On the Web:Lonelyplanet
The Andalusian Tourist Information Network
Spain on city.net
The Andalusian government is the editor of a very comprehensive Mountain Bike guide which describes 120 tours all over Andalusia. It is also available in English and is definiely worth its 'prize' - if one can tell 400 Ptas (roughly 2.5 US$) a prize. Should be available through your local embassy or through: Turismo de Andalucia, Autovia Sevilla-Coria del Rio, km 3,5, Apartado de Correos 66, 41920 San Juan de Aznalfarache, Seville, Spain. Phone: 34 5 417 11 60, Fax: 34 5 417 12 78 Organzed trips: (if you know of other agencies organizing trips in Andalusia, please drop me a line) Spain: Almeria Bike Tours: +34 50 27 70 28 Germany: Alps Mountain Bike tours: ++49/89/542 78 80 Bike Alpin: ++49 9176/5478 Velo Travel: ++49 721 / 252 44 Extrem Emotion Sport Tours: ++49 /8704/ 921530
1. Day: Sevilla Airport- Sevilla. DIST: ca 15 km
The only connection between Sevilla and the Airport is a four lane highway. There are no means of public transport between the airport and the city. MT Bikers might take the opportunity to use an old road close to the highway for the first kilometers until the outer parts of Sevilla are reached. In Sevilla, there are lots of hotels and pensions at moderate prizes, mainly in the old Jewish quarter Santa Cruz which is close to the Alcazar and the Cathedral. This is easy to find: just follow the tower of the Cathedral, the Giralda. Sevilla is a reserved beauty, the life in its streets reminds of scenes evenings in the opera. The streets seem freshly swept at any time of the day. The houses are painted in brillant colours. No signs of decay, everything in best condition. No signs of poverty, only splendor (at a first glance). On Saturdays, Sevilla goes out. Lots of charming people, women dressed in velvet and wearing lace stoles. Lots of beauties, lots of splendor, a lot of mediterranean spirit. Even if you don't like that kind of living, don't miss to take a look at it.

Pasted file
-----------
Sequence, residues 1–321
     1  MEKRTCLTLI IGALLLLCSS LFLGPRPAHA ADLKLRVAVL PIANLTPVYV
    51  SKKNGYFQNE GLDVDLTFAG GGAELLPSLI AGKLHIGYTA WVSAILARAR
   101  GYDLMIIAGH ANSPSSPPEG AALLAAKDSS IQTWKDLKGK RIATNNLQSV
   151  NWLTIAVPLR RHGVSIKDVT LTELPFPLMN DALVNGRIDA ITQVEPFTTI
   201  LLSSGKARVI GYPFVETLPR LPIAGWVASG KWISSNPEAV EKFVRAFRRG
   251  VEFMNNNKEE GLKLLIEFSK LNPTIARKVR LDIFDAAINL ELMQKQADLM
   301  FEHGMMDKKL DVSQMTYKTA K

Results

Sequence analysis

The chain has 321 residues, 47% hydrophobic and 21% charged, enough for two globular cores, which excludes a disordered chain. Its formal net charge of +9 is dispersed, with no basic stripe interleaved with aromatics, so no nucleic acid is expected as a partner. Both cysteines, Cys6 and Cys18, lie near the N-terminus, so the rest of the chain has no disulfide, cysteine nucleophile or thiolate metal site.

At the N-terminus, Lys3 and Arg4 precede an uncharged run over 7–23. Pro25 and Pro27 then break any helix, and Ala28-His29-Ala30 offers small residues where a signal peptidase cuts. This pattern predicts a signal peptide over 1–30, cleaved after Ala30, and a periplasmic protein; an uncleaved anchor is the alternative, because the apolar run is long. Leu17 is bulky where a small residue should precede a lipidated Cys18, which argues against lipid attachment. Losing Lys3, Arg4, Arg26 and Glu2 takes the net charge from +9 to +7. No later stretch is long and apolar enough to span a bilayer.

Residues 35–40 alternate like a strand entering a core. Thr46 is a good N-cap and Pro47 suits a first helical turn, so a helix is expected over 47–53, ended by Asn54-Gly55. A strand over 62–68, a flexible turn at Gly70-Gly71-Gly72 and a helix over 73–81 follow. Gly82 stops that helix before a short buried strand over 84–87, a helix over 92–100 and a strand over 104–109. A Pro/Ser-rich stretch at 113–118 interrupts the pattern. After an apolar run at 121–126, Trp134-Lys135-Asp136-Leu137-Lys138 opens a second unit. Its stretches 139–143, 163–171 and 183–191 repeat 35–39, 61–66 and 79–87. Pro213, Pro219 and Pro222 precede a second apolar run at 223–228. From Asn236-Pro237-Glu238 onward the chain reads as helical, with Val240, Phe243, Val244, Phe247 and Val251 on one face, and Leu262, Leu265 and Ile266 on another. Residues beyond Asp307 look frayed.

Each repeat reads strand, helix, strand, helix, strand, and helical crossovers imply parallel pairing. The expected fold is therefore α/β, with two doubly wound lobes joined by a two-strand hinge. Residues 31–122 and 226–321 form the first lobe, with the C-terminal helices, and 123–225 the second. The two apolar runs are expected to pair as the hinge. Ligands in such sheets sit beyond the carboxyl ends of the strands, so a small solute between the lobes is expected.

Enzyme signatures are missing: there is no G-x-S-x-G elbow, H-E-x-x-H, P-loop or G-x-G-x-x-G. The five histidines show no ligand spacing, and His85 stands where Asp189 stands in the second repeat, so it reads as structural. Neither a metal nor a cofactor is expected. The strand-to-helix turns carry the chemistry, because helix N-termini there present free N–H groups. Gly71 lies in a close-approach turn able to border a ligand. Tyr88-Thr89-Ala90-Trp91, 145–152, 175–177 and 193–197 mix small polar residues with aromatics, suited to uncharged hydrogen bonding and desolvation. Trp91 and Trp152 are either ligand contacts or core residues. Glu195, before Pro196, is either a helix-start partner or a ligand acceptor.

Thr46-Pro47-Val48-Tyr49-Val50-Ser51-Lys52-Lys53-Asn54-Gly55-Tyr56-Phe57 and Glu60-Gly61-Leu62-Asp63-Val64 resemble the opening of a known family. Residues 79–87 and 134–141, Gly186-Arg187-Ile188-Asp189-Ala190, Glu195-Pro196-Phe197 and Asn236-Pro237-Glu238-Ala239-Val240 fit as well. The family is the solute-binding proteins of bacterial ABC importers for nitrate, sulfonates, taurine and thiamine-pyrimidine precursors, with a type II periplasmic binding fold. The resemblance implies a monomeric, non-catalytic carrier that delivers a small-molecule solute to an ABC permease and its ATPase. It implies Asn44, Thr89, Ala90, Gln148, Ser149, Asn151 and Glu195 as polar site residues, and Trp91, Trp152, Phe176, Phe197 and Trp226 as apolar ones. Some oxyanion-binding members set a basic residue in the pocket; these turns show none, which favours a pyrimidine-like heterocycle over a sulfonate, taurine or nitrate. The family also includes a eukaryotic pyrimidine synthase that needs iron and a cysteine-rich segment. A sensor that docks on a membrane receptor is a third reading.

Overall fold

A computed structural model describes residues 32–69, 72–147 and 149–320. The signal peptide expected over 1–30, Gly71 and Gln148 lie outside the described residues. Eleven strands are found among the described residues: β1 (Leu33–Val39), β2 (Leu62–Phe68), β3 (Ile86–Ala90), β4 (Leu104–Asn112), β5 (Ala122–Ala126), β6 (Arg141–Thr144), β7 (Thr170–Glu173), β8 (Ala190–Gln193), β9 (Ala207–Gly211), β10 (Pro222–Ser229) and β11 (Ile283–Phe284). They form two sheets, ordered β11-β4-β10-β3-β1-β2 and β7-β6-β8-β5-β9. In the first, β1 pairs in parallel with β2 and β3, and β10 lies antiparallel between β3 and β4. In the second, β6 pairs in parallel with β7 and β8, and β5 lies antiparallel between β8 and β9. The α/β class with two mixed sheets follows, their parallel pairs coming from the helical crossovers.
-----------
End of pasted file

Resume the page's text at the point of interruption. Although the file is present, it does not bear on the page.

4. Day: Sevilla - Jerez de la Frontiera DIST: 127 km, ALT:500